Since a blueberry is mostly water, any touch has the potential to bruise it. While most human pickers are gentle enough to pick the berries without bruising them, the same cannot be said for mechanical pickers.
Bruising is almost guaranteed when berries drop more than 30 cm onto a hard surface, generally the case on today’s picking machines. As more growers turn to machine picking to offset the increasing cost and decreasing availability of labour, bruising has become more of an issue.
Researchers have developed a new BIRD (blueberry impact recording device) sensor to more accurately measure bruising in mechanical pickers and on packing lines. Roughly the size and shape of a blueberry, the BIRD weighs about six grams and can be dropped in a machine just like a blueberry.
“It’s very good at measuring impact,” says U.S. Department of Agriculture research horticulturist Fumiomi Takeda, who is based at the Appalachian Fruit Station in West Virginia.
The BIRD has shown that no two packing lines are the same and has pinpointed transition points as creating the most impacts. Even if each impact is small, the cumulative effect of multiple impacts is enough to create bruising and reduce overall fruit quality.
While the BIRD sensed little damage in hand harvesting, it found severe impacts in picking machines, particularly from the catch plates.
Even if bruises aren’t apparent to the naked eye, they exist, Takeda told growers and packers at the recent Pacific Agriculture Show in Abbotsford, B.C.
“Ten per cent of the [machine-picked] fruit you put into cold storage is damaged.”
Primary ways to lessen bruising are to develop a firmer berry that can stand up to machine picking or to build a picking machine that can handle berries more delicately. Berry breeders, researchers and engineers are working on both options.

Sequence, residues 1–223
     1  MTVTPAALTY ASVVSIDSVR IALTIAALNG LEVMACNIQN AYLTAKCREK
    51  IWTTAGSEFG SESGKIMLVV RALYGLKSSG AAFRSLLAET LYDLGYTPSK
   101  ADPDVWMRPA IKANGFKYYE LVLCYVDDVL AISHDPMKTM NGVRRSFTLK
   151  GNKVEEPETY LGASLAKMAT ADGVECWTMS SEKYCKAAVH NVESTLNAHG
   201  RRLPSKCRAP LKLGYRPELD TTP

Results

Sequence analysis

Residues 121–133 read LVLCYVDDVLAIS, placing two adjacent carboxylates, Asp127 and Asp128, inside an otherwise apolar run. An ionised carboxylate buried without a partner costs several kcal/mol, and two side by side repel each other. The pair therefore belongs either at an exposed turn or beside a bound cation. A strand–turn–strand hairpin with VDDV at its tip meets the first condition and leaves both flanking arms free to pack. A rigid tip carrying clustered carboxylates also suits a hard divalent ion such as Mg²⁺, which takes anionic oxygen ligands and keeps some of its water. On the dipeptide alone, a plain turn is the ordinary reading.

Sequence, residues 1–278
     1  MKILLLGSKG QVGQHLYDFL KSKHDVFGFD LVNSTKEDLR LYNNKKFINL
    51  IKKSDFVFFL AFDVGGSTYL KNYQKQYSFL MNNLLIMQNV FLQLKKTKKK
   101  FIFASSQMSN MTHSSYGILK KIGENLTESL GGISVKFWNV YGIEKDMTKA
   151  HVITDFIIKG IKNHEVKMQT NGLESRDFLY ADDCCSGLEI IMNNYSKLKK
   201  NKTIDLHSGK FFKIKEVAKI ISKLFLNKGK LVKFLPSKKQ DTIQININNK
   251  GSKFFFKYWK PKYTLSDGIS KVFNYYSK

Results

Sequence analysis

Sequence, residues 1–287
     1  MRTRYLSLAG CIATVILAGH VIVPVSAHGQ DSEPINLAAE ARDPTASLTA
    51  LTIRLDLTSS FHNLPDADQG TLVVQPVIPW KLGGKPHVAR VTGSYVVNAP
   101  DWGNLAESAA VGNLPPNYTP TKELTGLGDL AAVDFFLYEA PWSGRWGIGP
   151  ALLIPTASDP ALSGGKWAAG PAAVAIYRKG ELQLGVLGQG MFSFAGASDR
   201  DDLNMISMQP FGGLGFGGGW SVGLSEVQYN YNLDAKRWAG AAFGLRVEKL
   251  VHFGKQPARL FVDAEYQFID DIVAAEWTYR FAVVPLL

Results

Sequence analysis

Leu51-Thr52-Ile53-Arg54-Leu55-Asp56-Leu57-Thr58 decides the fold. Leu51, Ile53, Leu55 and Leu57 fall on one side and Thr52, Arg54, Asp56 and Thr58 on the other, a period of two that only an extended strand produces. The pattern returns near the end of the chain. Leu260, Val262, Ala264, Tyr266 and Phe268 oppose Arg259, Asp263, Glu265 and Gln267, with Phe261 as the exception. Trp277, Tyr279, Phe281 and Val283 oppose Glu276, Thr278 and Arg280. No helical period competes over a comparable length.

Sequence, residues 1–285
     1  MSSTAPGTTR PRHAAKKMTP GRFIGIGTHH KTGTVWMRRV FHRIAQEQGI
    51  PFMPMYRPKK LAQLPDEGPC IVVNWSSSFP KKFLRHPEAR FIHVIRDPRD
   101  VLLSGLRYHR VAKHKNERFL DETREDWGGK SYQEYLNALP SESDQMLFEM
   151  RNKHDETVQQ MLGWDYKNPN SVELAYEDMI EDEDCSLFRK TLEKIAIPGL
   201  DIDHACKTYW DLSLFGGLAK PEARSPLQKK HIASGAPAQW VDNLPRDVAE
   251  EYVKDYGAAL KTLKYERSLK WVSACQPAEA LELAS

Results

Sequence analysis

“Growers have identified machine harvestability and firmer fruit as their highest priority and that’s one trait we’re focusing on,” says B.C. berry breeder Michael Dossett.
Success is still a long way away. The commercial release of a new variety can take up to 15 years and the B.C. blueberry breeding program is in its ninth year. Even if Dossett releases a new variety in the next six years, there is no indication his earliest selections have the firmness growers want and need.
Takeda says engineers are making some headway, noting they have created a new catcher plate design that “virtually eliminates bruising.”
Another promising design picks from the top using angled rotors and drops the berries onto a soft surface.
“It has the same fruit quality as hand harvesting,” Takeda says.
Researchers have also tried a walk-a-long unit (not much improvement) and a semi-mechanical machine with multiple shakers to eliminate some of the mechanical movement.
Last year, Naturipe Farms – one of the world’s leading blueberry growers and marketers – issued the Blue Challenge, inviting “innovators, developers and technology integrators to help transform the way we will harvest blueberries in the future.”
It has promised $10,000 and a joint development agreement for up to five semi-finalists, which were selected in January and February. The first person to deliver a working prototype with a demonstrable ability to be a viable commercial automated system will receive a $200,000 prize.
While they await a winner, Takeda says one thing growers can do is pad their catch plates so berries don’t drop straight onto hard plastic. Packers should also consider rejigging their lines to reduce the number of transition points.
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